Introducing the Gizmag Store

LG unveils world's first flexible OLED TV

By

January 6, 2014

LG's Flexible OLED TV allows users to alter the curvature of the display to suit their pre...

LG's Flexible OLED TV allows users to alter the curvature of the display to suit their preferences

Image Gallery (2 images)

OLED technology has already enabled LG and Samsung to produce TVs with curved displays, but now LG has gone one step further with the unveiling of an OLED TV with a changeable curvature. Revealed at CES, the TV is the latest salvo in the ongoing TV battle between the two Korean electronics giants.

LG's Flexible OLED TV is a 77-inch unit that lets users control the angle of curvature via their remote control, taking into account things like screen size and viewing distance to tailor the amount of curvature to suit user preferences.

With concerns about the longevity of OLED technology, LG says it has subjected the TV to tens of thousands of hours of testing to ensure the reliability and durability of the display.

LG's Flexible OLED TV at CES

Samsung also revealed an 85-inch flexible TV at its CES press conference, but that was a proof-of-concept unit that used an LED LCD panel rather than the OLED technology found in LG's production-ready set.

We'll attempt to get some more details regarding pricing, availability and the range of curvature of the Flexible OLED TV from the show floor and update this story when details come to hand.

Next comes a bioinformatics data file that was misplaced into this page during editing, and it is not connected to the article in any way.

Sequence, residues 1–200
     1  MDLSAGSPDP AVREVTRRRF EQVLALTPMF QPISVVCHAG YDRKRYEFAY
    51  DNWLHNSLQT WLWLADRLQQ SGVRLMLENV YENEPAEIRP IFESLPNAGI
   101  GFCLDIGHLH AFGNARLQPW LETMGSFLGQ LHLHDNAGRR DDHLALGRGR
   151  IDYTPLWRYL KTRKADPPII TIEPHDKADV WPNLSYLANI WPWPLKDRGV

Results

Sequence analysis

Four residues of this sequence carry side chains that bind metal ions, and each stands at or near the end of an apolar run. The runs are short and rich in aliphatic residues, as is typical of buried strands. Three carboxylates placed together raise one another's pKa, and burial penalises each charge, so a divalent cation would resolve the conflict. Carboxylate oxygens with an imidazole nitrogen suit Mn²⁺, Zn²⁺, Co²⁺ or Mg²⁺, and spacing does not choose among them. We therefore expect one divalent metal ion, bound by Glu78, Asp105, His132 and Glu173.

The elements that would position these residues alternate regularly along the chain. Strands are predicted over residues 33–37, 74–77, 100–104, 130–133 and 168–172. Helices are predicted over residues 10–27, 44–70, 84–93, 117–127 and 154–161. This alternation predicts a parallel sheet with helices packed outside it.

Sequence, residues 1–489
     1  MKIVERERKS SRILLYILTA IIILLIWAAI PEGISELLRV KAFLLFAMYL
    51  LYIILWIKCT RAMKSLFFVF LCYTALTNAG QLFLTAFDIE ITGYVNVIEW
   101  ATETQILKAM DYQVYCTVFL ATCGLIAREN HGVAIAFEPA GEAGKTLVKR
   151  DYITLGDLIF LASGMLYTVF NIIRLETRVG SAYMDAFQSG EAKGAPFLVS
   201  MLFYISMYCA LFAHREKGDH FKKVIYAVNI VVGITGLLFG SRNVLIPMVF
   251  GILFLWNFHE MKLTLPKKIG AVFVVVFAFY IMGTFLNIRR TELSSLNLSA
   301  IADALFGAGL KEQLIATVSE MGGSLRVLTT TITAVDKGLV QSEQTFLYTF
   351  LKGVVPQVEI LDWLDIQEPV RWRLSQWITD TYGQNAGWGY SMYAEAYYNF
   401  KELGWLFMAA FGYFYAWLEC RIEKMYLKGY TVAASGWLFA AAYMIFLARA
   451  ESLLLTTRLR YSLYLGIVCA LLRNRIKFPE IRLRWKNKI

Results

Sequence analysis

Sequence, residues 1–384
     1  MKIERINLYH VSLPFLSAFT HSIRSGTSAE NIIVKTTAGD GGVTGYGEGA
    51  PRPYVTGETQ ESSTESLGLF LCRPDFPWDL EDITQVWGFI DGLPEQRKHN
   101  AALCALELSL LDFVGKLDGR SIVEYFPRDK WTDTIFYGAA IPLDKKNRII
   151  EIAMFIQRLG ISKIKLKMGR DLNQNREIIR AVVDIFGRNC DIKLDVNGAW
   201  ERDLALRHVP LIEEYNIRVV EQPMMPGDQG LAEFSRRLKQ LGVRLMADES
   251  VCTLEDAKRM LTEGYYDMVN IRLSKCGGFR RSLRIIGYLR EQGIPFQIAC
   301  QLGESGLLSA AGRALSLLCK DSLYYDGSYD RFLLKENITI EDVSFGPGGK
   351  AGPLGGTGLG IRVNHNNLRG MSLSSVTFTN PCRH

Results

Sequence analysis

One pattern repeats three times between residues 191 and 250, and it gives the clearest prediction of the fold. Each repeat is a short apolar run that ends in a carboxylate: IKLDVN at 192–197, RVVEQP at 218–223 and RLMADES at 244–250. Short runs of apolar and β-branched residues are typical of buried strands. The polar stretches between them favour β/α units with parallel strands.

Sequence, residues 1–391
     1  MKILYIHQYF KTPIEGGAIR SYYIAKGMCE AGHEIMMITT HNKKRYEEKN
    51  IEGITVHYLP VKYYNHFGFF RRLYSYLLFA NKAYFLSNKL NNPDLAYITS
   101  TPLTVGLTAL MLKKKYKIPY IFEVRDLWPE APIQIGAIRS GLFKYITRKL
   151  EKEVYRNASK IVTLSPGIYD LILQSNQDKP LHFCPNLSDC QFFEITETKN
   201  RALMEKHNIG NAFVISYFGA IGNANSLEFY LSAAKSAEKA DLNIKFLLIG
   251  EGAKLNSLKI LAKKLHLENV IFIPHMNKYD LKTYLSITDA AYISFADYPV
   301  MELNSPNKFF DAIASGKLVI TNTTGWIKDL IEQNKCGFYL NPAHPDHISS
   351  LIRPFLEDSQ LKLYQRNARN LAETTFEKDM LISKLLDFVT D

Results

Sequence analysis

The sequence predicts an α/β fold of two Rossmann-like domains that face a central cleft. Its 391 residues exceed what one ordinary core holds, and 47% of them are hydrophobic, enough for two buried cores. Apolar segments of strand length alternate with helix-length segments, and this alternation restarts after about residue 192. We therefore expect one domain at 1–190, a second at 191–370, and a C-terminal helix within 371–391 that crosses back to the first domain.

Source: LG

About the Author
Darren Quick Darren's love of technology started in primary school with a Nintendo Game & Watch Donkey Kong (still functioning) and a Commodore VIC 20 computer (not still functioning). In high school he upgraded to a 286 PC, and he's been following Moore's law ever since. This love of technology continued through a number of university courses and crappy jobs until 2008, when his interests found a home at Gizmag.   All articles by Darren Quick
Tags
1 Comment

I'm not convinced that curved is better. At the size described, it would need to be in a very large room, which would require viewability from multiple seating locations, as a room that big would have room for lots and lots of chairs. Does being curved improved this? Does it make 3d better? What does it actually accomplish, other than being curved?

It seems too much like a product without any purpose but publicity and bragging rights. Unless I'm missing something important here in terms of viewability, or experience thats just not being discussed, it seems rather pointless.

Chizzy
7th January, 2014 @ 08:46 am PST
Post a Comment

Login with your gizmag account:

Or Login with Facebook:


Related Articles

Just enter your friends and your email address into the form below

For multiple addresses, separate each with a comma




Privacy is safe with us because we have a strict privacy policy.

Looking for something? Search our 26,500 articles